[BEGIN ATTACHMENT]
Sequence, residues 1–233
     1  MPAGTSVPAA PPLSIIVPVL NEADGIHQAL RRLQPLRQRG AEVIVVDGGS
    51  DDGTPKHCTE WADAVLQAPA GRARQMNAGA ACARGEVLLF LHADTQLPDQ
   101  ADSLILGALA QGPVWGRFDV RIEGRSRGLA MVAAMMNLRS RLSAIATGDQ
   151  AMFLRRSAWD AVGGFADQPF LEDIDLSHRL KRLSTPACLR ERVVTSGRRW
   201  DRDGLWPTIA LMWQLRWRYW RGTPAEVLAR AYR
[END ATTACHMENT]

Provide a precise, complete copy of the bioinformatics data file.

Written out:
Sequence, residues 1–233
     1  MPAGTSVPAA PPLSIIVPVL NEADGIHQAL RRLQPLRQRG AEVIVVDGGS
    51  DDGTPKHCTE WADAVLQAPA GRARQMNAGA ACARGEVLLF LHADTQLPDQ
   101  ADSLILGALA QGPVWGRFDV RIEGRSRGLA MVAAMMNLRS RLSAIATGDQ
   151  AMFLRRSAWD AVGGFADQPF LEDIDLSHRL KRLSTPACLR ERVVTSGRRW
   201  DRDGLWPTIA LMWQLRWRYW RGTPAEVLAR AYR